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Re^4: compiling perl scripts aka why is perl not as fast as C

by ikegami (Pope)
on Mar 22, 2010 at 17:10 UTC ( #830116=note: print w/replies, xml ) Need Help??


in reply to Re^3: compiling perl scripts aka why is perl not as fast as C
in thread compiling perl scripts aka why is perl not as fast as C

Is that no coercion?

  • my @array = $scalar;

    Definitely not. List assignment takes a list of scalars, and that's exactly what you provided. It's no more a scalar being coerced into an array than my @array = foo(); is a function call being coerced into an array.

  • my $scalar = @array;

    Type coercion is the changing an entity from one type to another, but that's not what that statement does. The array isn't assigned to $scalar as a different type. It's count is assigned, and that's a completely different entity.

    Furthermore, no array is ever present to be coerced. @array acts like a function. It takes an arg and returns a value based on the input and context. Note that there does not exist a function anywhere in Perl's code to coerce an array into a scalar.

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Re^5: compiling perl scripts aka why is perl not as fast as C
by moritz (Cardinal) on Mar 22, 2010 at 17:26 UTC
    Definitely not. List assignment takes a list of scalars, and that's exactly what you provided.

    Call me naive, but I only see a scalar, not a list of scalars. Still a list of of scalars is a list, not an array, so even @array = ($a, $b) looks to me like a coercion. Likewise @array = foo() coerces the result list to an array. So you have $variable_of_one_type = $variable_of_other_type where the LHS dictates the type of the result.

    it's count is assigned, and that's a completely different entity.

    The count is an intrinsic property of the @array, and as far as I understand coercion, it is allowed to lose information - just like in other languages coercing a float to int loses the fractional part. I haven't seen a definition of coercion yet that requires the coerced object to retain the essence of what it was, however you define "essence".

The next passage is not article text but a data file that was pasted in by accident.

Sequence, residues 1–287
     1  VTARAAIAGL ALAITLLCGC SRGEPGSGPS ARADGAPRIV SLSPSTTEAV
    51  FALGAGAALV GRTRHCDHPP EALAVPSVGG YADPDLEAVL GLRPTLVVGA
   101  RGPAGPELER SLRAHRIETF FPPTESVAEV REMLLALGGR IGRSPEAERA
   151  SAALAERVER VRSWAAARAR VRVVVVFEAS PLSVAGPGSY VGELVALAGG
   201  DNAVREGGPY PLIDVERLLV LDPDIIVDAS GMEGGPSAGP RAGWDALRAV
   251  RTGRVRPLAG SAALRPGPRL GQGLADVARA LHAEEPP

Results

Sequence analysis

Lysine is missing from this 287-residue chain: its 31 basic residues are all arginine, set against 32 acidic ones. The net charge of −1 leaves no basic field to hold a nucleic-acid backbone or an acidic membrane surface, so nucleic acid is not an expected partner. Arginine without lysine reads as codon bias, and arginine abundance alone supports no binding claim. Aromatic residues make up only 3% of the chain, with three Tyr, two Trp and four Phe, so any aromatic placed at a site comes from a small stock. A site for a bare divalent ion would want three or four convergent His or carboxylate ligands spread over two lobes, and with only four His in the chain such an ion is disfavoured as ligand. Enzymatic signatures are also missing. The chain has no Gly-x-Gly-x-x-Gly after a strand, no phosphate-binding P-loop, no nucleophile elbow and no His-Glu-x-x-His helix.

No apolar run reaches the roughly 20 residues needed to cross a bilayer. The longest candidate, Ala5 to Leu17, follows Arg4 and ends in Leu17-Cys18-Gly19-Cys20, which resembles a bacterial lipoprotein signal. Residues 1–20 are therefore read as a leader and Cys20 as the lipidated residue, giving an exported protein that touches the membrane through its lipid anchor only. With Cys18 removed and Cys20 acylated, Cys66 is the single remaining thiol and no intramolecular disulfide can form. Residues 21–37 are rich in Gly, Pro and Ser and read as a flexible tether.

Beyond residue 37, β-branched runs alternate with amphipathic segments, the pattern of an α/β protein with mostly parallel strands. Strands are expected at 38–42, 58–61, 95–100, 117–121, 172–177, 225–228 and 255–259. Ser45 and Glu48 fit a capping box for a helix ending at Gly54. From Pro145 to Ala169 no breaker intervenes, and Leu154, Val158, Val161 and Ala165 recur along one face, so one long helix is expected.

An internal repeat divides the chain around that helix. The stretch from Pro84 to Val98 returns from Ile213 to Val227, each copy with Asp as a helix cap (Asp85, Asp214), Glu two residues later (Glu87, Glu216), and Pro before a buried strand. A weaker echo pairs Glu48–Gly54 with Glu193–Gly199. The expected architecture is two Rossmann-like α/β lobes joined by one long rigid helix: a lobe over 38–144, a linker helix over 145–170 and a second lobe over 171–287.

So you haven't convinced me in either case that not coercion is happening.

    Perl 6 - links to (nearly) everything that is Perl 6.

      Call me naive, but I only see a scalar, not a list of scalars.

      A list of one scalar is still a list of scalars. You know that parens aren't the what make lists.

      Still a list of of scalars is a list, not an array

      Ok, so you say the coercion that occurs is from list to array. If that's true, then

      my @a = @b;

      also does coercion (array to list, then list to array), and the topic becomes irrelevant and silly. It may be true, but the concept is completely useless and not worth discussing.

      So you haven't convinced me in either case that not coercion is happening.

      I concede it's at best a grey area, and not one I care much about.

      Update: Added last bit.

        Ok, so you say the coercion that occurs is from list to array. If that's true, then
        my @a = @b;
        also does coercion (array to list, then list to array), and the topic becomes irrelevant and silly. It may be true, but the concept is completely useless and not worth discussing

        I think the main issue is that we're talking about different levels: When I look at Perl code, I don't see that my @a = @b does a coercion to list and back again - so to me it doesn't happen. You seem to know that either by knowing the core or by memorizing some rules that are not obvious from looking at Perl code, or the documentation in perlsyn et al.

        So to me the isomorphism of a list of a single scalar and a list containing a single scalar also does not exist - When I see $foo, I think "this is a scalar" and not "this is a scalar, also constituting a list of a single scalar". It's the assignment that turns the RHS of my @a = $b into a list, and that's what I call coercion.

        Perl 6 - links to (nearly) everything that is Perl 6.
Re^5: compiling perl scripts aka why is perl not as fast as C
by Hue-Bond (Priest) on Mar 22, 2010 at 17:50 UTC
    @array acts like a function. It takes an arg and returns a value based on the input and context.

    Excuse me but, what would be the argument?

    --
     David Serrano
     (Please treat my english text just like Perl code, i.e. feel free to notify me of any syntax, grammar, style and/or spelling error. Thank you!).

      The array / array name / pad slot
      sub array { my ($self) = @_; wantarray ? $self->length : $self->contents }

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